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How is your team looking for season 2016/17?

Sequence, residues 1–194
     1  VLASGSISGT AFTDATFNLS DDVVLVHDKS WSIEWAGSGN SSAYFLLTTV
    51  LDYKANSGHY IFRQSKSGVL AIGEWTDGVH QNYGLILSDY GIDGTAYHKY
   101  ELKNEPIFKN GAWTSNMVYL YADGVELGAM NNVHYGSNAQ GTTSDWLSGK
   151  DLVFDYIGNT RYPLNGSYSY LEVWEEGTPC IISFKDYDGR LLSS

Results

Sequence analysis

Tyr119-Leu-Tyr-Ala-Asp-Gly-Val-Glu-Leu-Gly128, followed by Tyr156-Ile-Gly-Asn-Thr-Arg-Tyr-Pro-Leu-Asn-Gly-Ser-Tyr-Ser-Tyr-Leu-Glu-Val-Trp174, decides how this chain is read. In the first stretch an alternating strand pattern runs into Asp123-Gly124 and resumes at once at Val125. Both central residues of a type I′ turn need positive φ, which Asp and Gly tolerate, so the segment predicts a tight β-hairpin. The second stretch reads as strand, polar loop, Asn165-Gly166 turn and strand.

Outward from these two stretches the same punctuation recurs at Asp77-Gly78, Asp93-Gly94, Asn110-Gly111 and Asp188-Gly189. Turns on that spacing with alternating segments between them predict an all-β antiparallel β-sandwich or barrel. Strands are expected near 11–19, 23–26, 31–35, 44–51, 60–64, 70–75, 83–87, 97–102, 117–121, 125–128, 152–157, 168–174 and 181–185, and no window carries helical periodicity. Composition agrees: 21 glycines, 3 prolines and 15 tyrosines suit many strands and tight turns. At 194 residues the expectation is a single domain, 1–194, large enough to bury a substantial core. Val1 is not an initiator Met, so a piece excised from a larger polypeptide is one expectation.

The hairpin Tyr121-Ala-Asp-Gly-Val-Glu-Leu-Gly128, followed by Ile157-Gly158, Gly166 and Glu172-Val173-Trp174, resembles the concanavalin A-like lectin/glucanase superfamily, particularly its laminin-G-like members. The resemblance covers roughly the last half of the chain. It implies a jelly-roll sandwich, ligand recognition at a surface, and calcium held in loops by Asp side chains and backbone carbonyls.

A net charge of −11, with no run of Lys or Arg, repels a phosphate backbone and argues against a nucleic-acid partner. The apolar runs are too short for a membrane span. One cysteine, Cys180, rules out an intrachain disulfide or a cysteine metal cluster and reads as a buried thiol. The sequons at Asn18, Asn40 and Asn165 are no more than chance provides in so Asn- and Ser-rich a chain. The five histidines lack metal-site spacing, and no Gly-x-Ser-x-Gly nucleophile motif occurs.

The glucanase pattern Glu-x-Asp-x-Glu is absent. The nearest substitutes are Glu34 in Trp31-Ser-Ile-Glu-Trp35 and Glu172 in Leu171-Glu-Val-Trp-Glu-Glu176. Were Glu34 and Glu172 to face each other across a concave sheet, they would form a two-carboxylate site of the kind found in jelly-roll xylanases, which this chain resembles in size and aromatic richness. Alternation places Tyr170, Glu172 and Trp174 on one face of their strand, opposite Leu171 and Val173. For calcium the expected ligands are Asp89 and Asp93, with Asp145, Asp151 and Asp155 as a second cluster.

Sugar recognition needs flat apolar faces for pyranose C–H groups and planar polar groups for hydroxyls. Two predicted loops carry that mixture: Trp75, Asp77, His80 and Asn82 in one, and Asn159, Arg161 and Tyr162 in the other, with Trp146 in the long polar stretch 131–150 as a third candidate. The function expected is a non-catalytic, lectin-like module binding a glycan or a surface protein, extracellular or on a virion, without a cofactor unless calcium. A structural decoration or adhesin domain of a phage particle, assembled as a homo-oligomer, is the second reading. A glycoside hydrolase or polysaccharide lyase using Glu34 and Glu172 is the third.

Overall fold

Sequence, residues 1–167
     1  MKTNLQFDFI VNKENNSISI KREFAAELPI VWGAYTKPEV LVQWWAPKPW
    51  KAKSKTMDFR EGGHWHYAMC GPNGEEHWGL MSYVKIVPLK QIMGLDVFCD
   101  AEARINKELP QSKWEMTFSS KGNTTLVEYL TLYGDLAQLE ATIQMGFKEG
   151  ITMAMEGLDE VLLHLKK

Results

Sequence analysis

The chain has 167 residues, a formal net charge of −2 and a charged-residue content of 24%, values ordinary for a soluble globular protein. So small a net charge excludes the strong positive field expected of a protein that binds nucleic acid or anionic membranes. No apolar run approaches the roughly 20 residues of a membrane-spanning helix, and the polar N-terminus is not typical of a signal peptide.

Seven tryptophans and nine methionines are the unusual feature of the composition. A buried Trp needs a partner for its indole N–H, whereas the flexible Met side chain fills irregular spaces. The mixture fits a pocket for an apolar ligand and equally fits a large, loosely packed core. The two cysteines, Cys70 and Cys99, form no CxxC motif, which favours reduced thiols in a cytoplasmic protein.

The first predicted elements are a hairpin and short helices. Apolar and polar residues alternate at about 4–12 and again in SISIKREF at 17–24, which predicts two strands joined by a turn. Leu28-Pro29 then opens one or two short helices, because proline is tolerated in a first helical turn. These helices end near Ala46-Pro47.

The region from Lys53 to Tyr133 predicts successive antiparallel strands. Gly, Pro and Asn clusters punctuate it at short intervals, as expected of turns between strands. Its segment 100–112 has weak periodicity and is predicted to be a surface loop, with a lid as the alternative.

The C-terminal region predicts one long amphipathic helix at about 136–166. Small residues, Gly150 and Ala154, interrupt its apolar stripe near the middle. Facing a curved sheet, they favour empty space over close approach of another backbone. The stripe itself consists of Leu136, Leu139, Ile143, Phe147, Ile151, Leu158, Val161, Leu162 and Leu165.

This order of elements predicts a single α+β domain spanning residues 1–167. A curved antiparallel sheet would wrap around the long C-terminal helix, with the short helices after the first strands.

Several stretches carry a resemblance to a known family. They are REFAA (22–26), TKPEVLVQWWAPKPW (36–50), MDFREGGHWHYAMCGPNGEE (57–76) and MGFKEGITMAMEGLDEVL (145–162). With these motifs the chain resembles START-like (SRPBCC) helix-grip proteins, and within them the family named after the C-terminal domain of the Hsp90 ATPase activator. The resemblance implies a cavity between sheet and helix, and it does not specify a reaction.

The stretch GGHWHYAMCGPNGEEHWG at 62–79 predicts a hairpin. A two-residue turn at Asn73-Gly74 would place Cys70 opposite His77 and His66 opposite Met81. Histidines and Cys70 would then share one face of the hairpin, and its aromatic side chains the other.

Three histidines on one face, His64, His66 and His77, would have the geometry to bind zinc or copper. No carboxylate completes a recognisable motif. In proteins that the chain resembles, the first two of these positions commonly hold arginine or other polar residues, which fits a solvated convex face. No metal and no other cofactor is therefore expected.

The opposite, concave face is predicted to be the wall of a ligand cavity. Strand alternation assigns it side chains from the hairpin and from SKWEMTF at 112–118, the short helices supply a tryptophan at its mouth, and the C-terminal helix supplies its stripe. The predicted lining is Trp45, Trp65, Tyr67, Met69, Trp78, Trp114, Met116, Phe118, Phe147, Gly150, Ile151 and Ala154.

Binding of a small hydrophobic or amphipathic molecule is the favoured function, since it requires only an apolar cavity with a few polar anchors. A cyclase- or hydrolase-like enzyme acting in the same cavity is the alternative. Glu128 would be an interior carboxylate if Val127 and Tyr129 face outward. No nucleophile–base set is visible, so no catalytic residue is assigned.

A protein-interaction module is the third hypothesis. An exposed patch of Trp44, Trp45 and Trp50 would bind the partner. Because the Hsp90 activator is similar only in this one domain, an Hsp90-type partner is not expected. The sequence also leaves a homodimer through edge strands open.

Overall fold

It’s less than 10 weeks until the 2016-17 NBL season tips off, and NBL clubs keep producing star signings to make sure this year will be one to remember. Here’s a quick look at who each team has signed, and what they still need to be in the hunt when the NBL title is decided next March.   Adelaide 36ers? New: Terrance Ferguson, Majok Deng, Anthony Drmic, Eric Jacobsen, Adam Doyle Returning: Jerome Randle, Brendan Teys, Daniel Johnson, Mitch Creek, Nathan Sobey, Matt Hodgson, Still to come: No one, roster is complete Expect the 36ers’ moto to be ‘we’re young and we’re going to run and gun and have some fun’. Between them, key recruits Ferguson, Deng, Drmic and Jacobsen have lived 30 less years than the four men they replace – Adam Gibson, Anthony Petrie, Lucas Walker and Ebi Ere. What that incoming quartet lack in experience they make up for in athletic ability, and with coach Joey Wright retaining Johnson, Creek, Sobey and Hodgson, he has a team well-suited to his fast-paced, high-pressure style. Whether Deng and Jacobsen can have an immediate impact at pro level will be important, as will the steady head and unselfishness of Teys, but this team is built around the incredible one-on-one skills of Randle, who must repeat last year’s form if Adelaide are to return to the playoffs.   Brisbane Bullets New: Adam Gibson, Anthony Petrie, Tom Jervis, Daniel Kickert, Mitch Young, Shaun Bruce, Torrey Craig, Reuben Te Rangi, Cam Bairstow, Matt Kenyon Returning: The Bullets! Still to come: An import shooting guard There is plenty to like about this Bullets roster and there needs to be. With a number of teams maintaining their core group it will be an enormous achievement for Brisbane to make the playoffs in their first season back. With Bairstow, Kickert, Jervis, Petrie and Young in the frontcourt there is almost every dimension covered – toughness, scoring, length, mobility and grunt – but they will need Petrie defying father time and producing his defensive best to be a strong team at that end of the floor. If Gibson returns to his best form after a down year in Adelaide, and Craig can produce the brilliance he showed in glimpses at the Taipans, coach Andrej Lemanis will have two solid perimeter pieces in place, supported by the inexperienced Bruce, Te Rangi and Kenyon. The final piece in the puzzle is an import guard, and he needs to be able to score in bunches and create for others to ensure the Bullets frontline get sufficient supply.   Cairns Taipans? New: Nate Jawai, Mitch McCarron, Jarrad Weeks Returning: Stephen Weigh, Alex Loughton, Cam Gliddon, Mark Worthington Still to come: Point guard, small forward and some bench support All the talk in Cairns is about the return of Jawai almost a decade after his stunning Rookie of the Year season, and rightly so, his status in the Far North basketball community is second-to-none. His ability to attract defence and find the open one is also unmatched in this part of the world, meaning Weigh and Gliddon should get some wide open looks. Power forwards Worthington and Loughton will too, but they must improve on last season’s 44-of-164 long-range connection. With energetic backcourt recruits McCarron and Weeks complementing a steady core of veterans and the giant presence of Jawai, this team is ready to make another playoff run if the last three key pieces fit the puzzle. That means a point guard who can defend and distribute, a small forward who can ignite a stagnated offence and a big man who can rebound and defend while big Nate takes a break.   Illawarra Hawks New: Rotnei Clarke, Nick Kay, Mitch Norton Returning: AJ Ogilvy, Rhys Martin, Tim Coenraad, Oscar Forman, Cody Ellis, Kevin White Still to come: A scoring swingman and frontcourt support The Hawks appeared to have their hearts ripped out when superstars Kevin Lisch and Kirk Penney walked out the door, followed by fan favourite Jarrad Weeks, forcing coach Rob Beveridge to rebuild last year’s third-placed roster. But Bevo was up to the challenge, securing Ogilvy’s signature on a multi-year deal, snapping up former Crocs Norton and Kay and then placing the icing on the cake with the return of 2014 MVP Clarke. With Martin, Coenraad, Ellis, Forman and White also re-signed, Beveridge won’t have to teach his system all over again, and he now has the option to add some genuine athleticism with the final two spots. To be a genuine title threat the Hawks still need a genuine scoring threat who can play both wing spots, while an athletic forward who can rebound and defend wouldn’t hurt either.   Melbourne United? New: Cedric Jackson, David Andersen, Ramone Moore, Tai Wesley Returning: Chris Goulding, Todd Blanchfield, Majok Majok, David Barlow, Nate Tomlinson, Owen Odigie Still to come: An import power forward It’s pretty clear Melbourne didn’t take last season’s playoff sweep at the hands of the Breakers lightly. First they grabbed Jackson, one of the NBL’s greatest ever point guards who tormented them in the semi-finals, before luring home Andersen, Australia’s greatest ever European hoops export. Around those two cornerstones they locked in Goulding, the face of the franchise, welcomed back Barlow from injury, and picked up low-post specialist Wesley to complement a tough, defensive-minded bench unit. To support Goulding and Jackson they added Moore, a streaky but at-times deadly shooter with a nice all-court game. Last season he was the second-leading scorer for Lithuanian club Pieno Zvaidzges behind former NBL import Derrick Low. If the soon-to-be-announced import big can defend, rebound and run the floor, this line-up has the pieces to win any style of basketball game and challenge for the city’s first NBL title since 2009.   New Zealand Breakers? New: Kirk Penney, Rob Loe, Ben Woodside Returning: Corey Webster, Tom Abercrombie, Mika Vukona, Alex Pledger, Shea Ili, Finn Delany, Jordan Ngatai Still to come: An import power forward It doesn’t matter what the rest of the NBL does, the Breakers keep backing up with quality rosters who produce, and this year they may even feature an all-Kiwi starting five for the first time. After 2011, Penney departed and was replaced by Cedric Jackson. This year the tables have turned, and that will mean a different style of play, where ball and player movement creates shots rather than Jackson’s ability to create from the ball-screen. The challenge for coach Paul Henare is to get both Webster and Penney enough looks, making the signing of pass-first import point guard Woodside a wise one. His unselfishness will match that of Abercrombie and Vukona, who value championships much more than stats. Up front the recruitment of Loe gives the Breakers a stretch big to back-up the size of Pledger, meaning they need an import with interior grunt to compensate for Loe’s perimeter tendencies and pick up the slack when Vukona heads to the bench.   Perth Wildcats? New: Jaron Johnson, Jameel McKay, Angus Brandt, Dexter Kernich-Drew Returning: Damian Martin, Matt Knight, Casey Prather, Jesse Wagstaff, Jarrod Kenny, Greg Hire, Shawn Redhage Still to come: No one, the Wildcats’ championship defence is ready to roll Much like the Breakers, Perth’s class has continued to rise above an improving league. And like their New Zealand foes, the Wildcats will likely be playing a different brand of basketball this season. By teaming Johnson alongside Prather, Perth have one of the most athletic wing duos in NBL history. Mix that with the full-court defensive mastery of Martin and you can bet opposition sides are preparing for extended pressure and high-octane offence from the westerners. The departure of Nate Jawai gave the Wildcats the option of a more mobile centre, one they took in the form of 206cm Iowa State graduate McKay who can block shots, rebound and run, meaning this team is geared to pump up the volume at Perth Arena. The one question mark is broken-play scoring – a hole left by Jermaine Beal’s exit – but expect the half-court offence to again revolve around the interior, whether that be Knight in the low block or the two import wings trying to exploit less athletic opponents around the hoop.   Sydney Kings? New: Kevin Lisch, Brad Newley, Aleks Maric Returning: Julian Khazzouh, Jason Cadee, Tom Garlepp, Jeromie Hill Still to come: Plenty, with an import guard and athletic American at the top of the list Given Khazzouh missed most of last season, the coaching line-up has been rebooted and the club has new ownership, this is almost a brand new team – the Kings starting again after a number of failed seasons. What a new beginning it has been already, with MVP Lisch and long-time Boomer Newley giving coach Andrew Gaze two experienced veterans who defend like their lives depend on it and compete as if death awaits the loser. The signature of the brutish Maric is a smart complement to Khazzouh’s finesse game, Garlepp offers unorthodox scoring at the four-spot, and if the import forward can be a dominant force at the defensive end the interior looks sound. Newley, Lisch and Cadee is an excellent start on the perimeter, now they just need a fourth wheel who can both shoot and get to the rim and the Kings’ roster will look royal once again.